Written August 2001
by Nathan Birch
Founding Artistic Director
The Next Ice Age
Pure and true skating is, by nature, circular. Real skating uses the blade’s edge and the body’s lean to create curves and arcs. It is only when a skater glides on both the inside and outside edges at the same time that he or she travels across the ice in a straight line. This is referred to as a flat and is the simplest of gliding movements.
Our craft emphasizes the singular edge in ensemble formations, difficult enough for a soloist and much more difficult in groupings because each push from each individual skater must generate the exact same amount fo speed. I believe it is the technical expertise of edge work that makes figure skating interesting as a dance form.
In order for a skater to glide, the blade can only go forward or backward. To skid or stop, the standing leg must turn out or in to cause friction between the ice and the grain of the edge. This act produces snow as the blade scrapes against the ice. It also produces a noise, different from the sound of pure edge work. These principles are the tools used by The Next Ice Age to build choreographed dances. As with dancers, mastering the technique makes way for style and grace.
A note of hope…
This evening’s performance includes two apprentices trained by The Chesapeake Skating School, our country’s premier educator in the art of ensemble skating. The Chesapeake Skating School has been affiliated with The Next Ice Age since its inception seven years ago. We are both grateful and indebted to the school’s directors, Denise Cahill and Rob McBrien; it is evident that seeds sown only seven years ago are bearing fruit. The Next Ice Age is, for the first time, reaping the benefits of Denise’s and Rob’s vision as we further crystallize our own image of ensemble figure skating.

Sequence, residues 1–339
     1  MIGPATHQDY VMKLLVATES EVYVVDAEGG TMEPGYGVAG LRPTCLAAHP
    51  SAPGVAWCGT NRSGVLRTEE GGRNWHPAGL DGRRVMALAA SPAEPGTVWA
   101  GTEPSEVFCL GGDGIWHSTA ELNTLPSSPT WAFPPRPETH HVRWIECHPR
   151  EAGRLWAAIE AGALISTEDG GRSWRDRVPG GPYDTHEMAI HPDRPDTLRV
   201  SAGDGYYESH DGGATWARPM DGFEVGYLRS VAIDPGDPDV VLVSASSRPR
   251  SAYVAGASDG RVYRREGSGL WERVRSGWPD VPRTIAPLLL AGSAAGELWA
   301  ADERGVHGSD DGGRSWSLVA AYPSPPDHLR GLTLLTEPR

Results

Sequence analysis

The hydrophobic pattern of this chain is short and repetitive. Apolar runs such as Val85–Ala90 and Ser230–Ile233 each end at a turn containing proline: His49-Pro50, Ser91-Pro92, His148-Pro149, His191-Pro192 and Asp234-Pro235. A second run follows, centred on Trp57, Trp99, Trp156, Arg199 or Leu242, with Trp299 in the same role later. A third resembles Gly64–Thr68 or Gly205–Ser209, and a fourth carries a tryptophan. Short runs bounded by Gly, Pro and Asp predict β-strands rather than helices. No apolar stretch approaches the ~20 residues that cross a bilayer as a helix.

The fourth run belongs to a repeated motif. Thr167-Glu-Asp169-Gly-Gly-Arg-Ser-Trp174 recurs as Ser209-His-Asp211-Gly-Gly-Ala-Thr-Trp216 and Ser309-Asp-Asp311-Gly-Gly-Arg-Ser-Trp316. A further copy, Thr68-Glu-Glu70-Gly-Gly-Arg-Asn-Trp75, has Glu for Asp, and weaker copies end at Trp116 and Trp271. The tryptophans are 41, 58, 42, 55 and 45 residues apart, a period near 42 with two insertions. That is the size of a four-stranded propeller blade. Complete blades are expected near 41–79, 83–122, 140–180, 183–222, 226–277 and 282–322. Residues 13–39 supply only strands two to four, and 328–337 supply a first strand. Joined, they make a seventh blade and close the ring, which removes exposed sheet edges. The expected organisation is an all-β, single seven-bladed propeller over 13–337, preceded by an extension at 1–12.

We are also grateful to Pamela Duane Gregory from Newark, Delaware, who was a charter member of the company in 1988 and continues to train her skaters in a manner compatible with The Next Ice Age. These key individuals — Denise, Rob, and Pam — in partnership with myself and Tim Murphy, have truly formed this season’s company. We will continue to produce the talent upon which the future of the company will be built. In tonight’s Act II, you will see three student skaters who exemplify the future for us.
As we look forward to what is next for skating, we are heartened by the growing numbers of talented children in the early stages of training. In this vein, I must personally thank Evy Scotfold and Debi Leeming from Massachusetts for providing me the opportunity to bring to their training facilities the “Skating Class” I learned in The John Curry Skating Company.
We refer to the Kennedy Center as America’s fortress for the performing arts. Historically, the Kennedy Center has presented artistic skating more than any other performing arts institution in the world — The Curry Company in 1984 and ’85, and The Next Ice Age in ’97 and 2001. As a performer in both companies, I feel personally honored and privileged to be able to say “Thank You!” to the Kennedy Center, its founders, staff, employees, and artists. Above and beyond her artistic contributions to this evening’s work, we must also thank Dorothy Hamill for her beliefs about skating, her kindness, her generosity, and her example. Finally, this season is dedicated to our very dear friend, Elizabeth Webster.